Every Monday, I highlight a book from our school bookroom along with lesson plan suggestions.
Papagayo is a loud parrot, and the night creatures don’t care for all his squawking. But they start to change their tune when a giant dog wakes up and begins chomping on the moon.
Second graders in Federal Way have a science unit on weather. It might be fun to use this and other weather legends to explain how different cultures used to explain conditions in nature.
This book is by Gerald McDermott, who won the Caldecott award for Arrow to the Sun and a Caldecott Honor for Anansi the Spider. He’s another great candidate for an author study.
You could also read this book with The Parrot Tico Tango or fellow Caldecott winner Why Mosquitoes Buzz in People’s Ears. For a more advanced conversation, consider — why were so many legends and folk tales selected for Caldecotts in the 1970s and 1980s? You might want to look at this link for some new perspectives.
Plenty of lesson plans are available for trickster tales, which is the subgenre this book falls into. Did you know Papagayo has been made into an opera? And if you’re in Nebraska, you might even be able to catch McDermott’s show at the Joslyn Art Museum!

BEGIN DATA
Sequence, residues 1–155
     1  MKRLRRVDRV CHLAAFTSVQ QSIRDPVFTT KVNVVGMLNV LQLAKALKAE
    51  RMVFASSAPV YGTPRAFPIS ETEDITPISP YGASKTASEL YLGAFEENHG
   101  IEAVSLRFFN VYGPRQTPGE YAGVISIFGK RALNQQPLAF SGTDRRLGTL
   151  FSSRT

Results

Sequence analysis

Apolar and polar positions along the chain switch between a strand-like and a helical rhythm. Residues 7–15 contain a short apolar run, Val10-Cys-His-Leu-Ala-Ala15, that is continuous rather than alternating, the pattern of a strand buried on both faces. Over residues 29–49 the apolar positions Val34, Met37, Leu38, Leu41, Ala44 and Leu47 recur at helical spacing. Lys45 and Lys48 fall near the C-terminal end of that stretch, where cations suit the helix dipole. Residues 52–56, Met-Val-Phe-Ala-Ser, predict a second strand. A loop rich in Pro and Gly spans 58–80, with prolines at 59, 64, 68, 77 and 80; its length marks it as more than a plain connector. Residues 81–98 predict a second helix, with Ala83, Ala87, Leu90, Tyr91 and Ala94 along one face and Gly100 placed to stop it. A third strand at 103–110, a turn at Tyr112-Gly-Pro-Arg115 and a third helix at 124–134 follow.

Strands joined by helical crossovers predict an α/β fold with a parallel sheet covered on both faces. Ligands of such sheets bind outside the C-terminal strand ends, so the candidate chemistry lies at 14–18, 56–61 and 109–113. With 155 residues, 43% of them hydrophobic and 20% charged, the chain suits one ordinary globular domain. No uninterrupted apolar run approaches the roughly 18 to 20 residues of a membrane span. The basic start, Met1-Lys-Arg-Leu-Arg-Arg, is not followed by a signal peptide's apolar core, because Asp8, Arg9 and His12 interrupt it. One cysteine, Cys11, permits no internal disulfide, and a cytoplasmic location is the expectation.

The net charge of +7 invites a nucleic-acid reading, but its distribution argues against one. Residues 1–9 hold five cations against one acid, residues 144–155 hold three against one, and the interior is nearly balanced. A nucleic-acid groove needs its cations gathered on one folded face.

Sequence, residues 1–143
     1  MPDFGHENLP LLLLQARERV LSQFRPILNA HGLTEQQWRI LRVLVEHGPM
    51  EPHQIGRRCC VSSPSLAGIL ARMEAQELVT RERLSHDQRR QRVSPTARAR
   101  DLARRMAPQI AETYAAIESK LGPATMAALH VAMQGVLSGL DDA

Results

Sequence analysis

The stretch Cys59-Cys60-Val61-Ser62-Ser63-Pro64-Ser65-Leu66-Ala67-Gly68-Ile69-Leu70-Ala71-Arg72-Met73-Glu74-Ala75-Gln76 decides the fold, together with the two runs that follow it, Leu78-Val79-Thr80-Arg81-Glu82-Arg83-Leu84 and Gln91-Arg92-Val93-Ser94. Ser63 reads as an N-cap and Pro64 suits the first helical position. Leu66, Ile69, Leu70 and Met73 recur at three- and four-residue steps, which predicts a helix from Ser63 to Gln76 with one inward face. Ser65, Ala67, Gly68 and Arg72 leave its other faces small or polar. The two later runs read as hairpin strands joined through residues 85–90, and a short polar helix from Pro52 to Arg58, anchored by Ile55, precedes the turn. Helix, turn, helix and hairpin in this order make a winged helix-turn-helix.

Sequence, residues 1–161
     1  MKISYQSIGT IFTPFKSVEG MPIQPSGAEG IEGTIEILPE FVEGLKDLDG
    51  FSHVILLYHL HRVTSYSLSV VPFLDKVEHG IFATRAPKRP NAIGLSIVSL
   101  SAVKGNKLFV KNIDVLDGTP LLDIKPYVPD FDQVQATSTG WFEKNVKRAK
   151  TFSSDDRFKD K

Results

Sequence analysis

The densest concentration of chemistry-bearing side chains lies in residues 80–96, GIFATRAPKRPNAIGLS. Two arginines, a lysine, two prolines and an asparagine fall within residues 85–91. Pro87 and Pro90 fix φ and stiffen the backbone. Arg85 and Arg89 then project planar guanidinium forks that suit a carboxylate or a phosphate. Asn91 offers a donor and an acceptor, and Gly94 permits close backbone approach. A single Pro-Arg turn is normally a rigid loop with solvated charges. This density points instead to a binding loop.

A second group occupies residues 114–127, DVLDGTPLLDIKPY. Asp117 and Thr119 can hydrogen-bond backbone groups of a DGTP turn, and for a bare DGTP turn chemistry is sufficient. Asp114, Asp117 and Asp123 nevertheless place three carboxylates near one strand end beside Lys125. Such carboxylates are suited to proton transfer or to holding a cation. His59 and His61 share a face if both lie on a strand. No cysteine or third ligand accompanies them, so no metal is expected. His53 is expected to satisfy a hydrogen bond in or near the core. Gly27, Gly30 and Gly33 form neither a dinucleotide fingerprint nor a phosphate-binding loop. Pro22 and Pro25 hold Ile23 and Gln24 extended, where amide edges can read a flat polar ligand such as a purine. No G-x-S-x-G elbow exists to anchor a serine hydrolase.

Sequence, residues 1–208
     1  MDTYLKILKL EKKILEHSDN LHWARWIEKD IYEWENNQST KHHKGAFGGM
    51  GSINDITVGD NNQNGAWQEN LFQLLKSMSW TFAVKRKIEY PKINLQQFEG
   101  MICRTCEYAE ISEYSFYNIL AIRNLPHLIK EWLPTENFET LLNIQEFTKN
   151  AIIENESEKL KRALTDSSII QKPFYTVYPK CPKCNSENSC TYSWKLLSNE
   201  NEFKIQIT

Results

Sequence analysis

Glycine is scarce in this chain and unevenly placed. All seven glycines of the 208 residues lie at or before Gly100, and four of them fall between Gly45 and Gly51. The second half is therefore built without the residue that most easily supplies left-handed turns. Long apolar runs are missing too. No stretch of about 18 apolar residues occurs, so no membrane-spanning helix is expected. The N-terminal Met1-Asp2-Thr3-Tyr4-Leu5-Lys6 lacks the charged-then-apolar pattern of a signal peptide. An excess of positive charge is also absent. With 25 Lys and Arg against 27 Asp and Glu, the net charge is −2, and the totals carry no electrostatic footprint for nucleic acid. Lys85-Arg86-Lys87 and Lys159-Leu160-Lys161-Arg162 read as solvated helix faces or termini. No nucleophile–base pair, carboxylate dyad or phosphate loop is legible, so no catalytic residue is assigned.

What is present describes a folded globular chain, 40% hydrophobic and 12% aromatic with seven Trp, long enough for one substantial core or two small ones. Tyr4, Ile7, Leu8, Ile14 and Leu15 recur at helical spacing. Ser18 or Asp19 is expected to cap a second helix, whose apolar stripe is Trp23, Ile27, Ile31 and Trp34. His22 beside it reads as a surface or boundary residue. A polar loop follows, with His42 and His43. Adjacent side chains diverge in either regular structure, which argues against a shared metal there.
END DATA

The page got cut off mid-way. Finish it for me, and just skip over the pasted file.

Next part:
There is a CAFE menu included with this mentor text, and I’ve highlighted these as suggestions:
- Retell the story. This is a pretty basic plot line, so it would be a useful to book to use to help students either increase or decrease the level of detail in the retells, depending on what’s necessary.
- Ask questions throughout the reading process. Because the book follows a time pattern (first one night, then the next night, etc.), checking in on how predictions and ideas change would be able to happen at pretty natural stopping points.
- Voracious reading. Voracious readers encounter many exciting verbs, which helps them avoid overusing words like “said,” “happy,” “sad,” and “mad.” Papayago and company use a wide variety of verbs. You might want to take a peek at this as well:
Please add any lessons or supplemental materials to the book bag so future teachers can utilize your good thinking!
Comments and constructive feedback are always welcomed. Please let me know if these lessons were useful in your class!